Warren County Local History by Dallas Bogan
|Dallas Bogan on 14 September 2004|
|original article by Dallas Bogan|
|Return to Index to see a list of other articles by Dallas Bogan|
With all the modern newspaper techniques, such as computer controlled newspaper
presses, one would have to stop and think what the early printing pioneers had
to go through in order to print the news.
Equipment for these presses was very limited. One once said that all the paraphernalia, the types, eases and stands involved in the early presses, could be hauled in a wheelbarrow.
The first printing press in Lebanon, the old wooden Ramage press, started production in 1806 in the City of Cedars and continued until about 1865. It too could have been effortlessly hauled in a wheelbarrow. A large sheet could not be printed on this primitive press. It was extremely hard work for two persons to print one side of a few hundred copies of a small-sized, four-paged newspaper in a day. But books and pamphlets of substantial dimensions were printed on the small presses at Lebanon and Cincinnati. A single room, or most any type arrangement in a facility, was all that was needed to utilize the operation of a successful press.
Since this was a new field of business, The Western Spy, a Cincinnati newspaper established in the latter part of the 18th Century, announced the following on July 16, 1799:
"Advertisement for an apprentice. There is a vacancy at present in the Spy office for an apprentice to learn the printing business that has been the most beneficial to mankind since its discovery would do well to embrace the present opportunity. A lad from fourteen to fifteen would meet with generous terms. One from the country would be preferred."
Difficulty getting the newspapers delivered to country subscribers was an effort. Post offices at this time were few-and- far between. Post-boys were periodically employed to carry the paper on horseback. One such instance was Harry D. Stout (as late as 1822) became an apprentice for The Western Star office at Lebanon and delivered the paper twice a week on horseback. He shouldered a horn that he blew to notify the off-the-road subscribers of his arrival. He also collected rags on his route that he carried to the paper mill at Millgrove. He ultimately returned on horseback to the printing office with a ream or two of printing paper.
Newspapers as late as the 1830's had their "rag rooms." The highest prices available were offered for clean cotton rags. Scales were very much an essential piece of equipment at the newspaper office for the purpose of weighing this highly prized possession.
A common cause for the late delivery of the newspaper was the shortage of the precious product, paper. Cincinnati's early newspaper offices bought their printing paper from Pennsylvania. The first paper mill in the area was built along the Little Miami near Cincinnati in 1803.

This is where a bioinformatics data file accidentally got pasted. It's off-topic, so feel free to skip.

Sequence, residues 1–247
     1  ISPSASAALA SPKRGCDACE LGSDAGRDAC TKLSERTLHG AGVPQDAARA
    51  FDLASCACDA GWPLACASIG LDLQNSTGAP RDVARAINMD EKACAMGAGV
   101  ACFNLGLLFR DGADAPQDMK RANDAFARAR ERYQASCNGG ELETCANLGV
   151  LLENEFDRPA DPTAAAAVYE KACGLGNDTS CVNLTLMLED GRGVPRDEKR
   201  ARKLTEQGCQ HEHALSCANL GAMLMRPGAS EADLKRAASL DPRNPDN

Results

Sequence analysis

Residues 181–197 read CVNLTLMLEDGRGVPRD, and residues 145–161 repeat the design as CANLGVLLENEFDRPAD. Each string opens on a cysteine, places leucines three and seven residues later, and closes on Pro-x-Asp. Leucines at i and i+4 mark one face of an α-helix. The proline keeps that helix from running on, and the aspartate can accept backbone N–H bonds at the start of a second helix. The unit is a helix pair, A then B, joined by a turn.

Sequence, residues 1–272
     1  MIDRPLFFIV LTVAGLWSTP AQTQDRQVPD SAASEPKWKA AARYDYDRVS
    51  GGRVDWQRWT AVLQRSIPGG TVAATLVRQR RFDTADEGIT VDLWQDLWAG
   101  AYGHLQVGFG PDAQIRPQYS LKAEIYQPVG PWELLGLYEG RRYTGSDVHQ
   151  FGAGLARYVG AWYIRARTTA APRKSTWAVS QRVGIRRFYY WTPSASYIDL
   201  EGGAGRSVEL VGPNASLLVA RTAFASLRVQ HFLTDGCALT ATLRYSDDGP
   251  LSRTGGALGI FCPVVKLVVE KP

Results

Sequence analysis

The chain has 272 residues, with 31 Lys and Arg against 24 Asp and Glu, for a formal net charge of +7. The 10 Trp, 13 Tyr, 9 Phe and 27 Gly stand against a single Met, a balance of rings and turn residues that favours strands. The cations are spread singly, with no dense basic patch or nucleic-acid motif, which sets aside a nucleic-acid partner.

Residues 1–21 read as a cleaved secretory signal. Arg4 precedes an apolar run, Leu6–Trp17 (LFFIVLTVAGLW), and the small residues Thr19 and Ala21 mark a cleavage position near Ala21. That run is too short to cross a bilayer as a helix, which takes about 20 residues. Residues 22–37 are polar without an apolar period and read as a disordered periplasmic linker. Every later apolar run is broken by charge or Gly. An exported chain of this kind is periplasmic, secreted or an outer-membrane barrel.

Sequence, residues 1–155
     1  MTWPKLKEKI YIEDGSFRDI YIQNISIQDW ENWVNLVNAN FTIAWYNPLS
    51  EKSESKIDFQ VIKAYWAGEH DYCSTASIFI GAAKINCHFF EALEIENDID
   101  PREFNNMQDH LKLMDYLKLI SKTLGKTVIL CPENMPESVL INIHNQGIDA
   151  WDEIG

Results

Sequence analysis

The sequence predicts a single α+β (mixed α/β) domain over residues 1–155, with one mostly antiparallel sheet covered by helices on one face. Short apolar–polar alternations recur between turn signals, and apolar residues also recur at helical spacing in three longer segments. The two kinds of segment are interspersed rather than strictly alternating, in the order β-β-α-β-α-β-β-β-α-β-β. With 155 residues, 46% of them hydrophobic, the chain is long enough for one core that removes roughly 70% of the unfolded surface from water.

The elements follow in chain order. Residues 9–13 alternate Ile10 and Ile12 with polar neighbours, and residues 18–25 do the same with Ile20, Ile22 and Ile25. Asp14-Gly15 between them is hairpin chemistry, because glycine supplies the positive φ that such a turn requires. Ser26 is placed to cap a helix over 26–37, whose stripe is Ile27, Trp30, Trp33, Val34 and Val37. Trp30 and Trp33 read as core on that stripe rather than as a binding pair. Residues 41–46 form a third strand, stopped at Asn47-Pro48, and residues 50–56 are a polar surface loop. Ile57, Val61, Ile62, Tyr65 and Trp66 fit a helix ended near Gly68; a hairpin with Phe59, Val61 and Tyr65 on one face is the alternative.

William H.D. Denny was connected with the Star as an apprentice, printer, editor and publisher longer than any other man, his time journeying back to 1820. He mentions that the cold, severe winters sometimes suspended work for quite a spell. Paper could not be obtained during these cold spells, which made work impossible. The primary reason was that many times the millraces would be jammed with ice.
Early newspaper owners were more often printers rather than editors or writers. The early settlements of Cincinnati and Lebanon had few writers of articles, the consequence being, no editorials, no preservation of local history (which at that time had no importance), or simply to say, no news of significance to the subscribers.
The editors expressly relied on news from the eastern states for their own publication. Subscribers who paid $2.50 per year, also had to be content with news from abroad, which in most cases was several months old.
Sometimes the first page of the local paper contained long and important local documents, or some form of address given by a local resident. Advertisements were of no general interest and contained no useful news in relationship to the community.
The Warren County Museum has on microfilm one of the first, if not the first, publication of The Western Star. It is dated February 13, 1807. Congressional reports as well as eastern news are highlighted in this issue. Also in this edition, a saddlery shop business, operated by Henry H. Dill, was placed in an advertisement, along with John Grigg's boot and shoe manufactory.
Marriages were also inserted. On February 3, 1807, Mr. William McBride was united in marriage to Miss Deborah Mills. Joseph Fox and Mary Ann Kesling were married on February 5. John Stover was married to Polly Fronce on February 9.
The death of Mrs. Patsy Low, February 7, 1807, consort of Isaac D. Low, was placed in this edition of the paper.
NOTICE: All documents and electronic images placed on the Warren County OHGenWeb site remain the property of the contributors, who retain publication rights in accordance with US Copyright Laws and Regulations. These documents may be used by anyone for their personal research. Persons or organizations desiring to use this material, must obtain the written consent of the submitter, or their legal representative, and contact the listed Warren County OHGenWeb coordinator with proof of this consent.
This page created 14 September 2004 and last updated
28 September, 2008
© 2004 Arne H Trelvik All rights reserved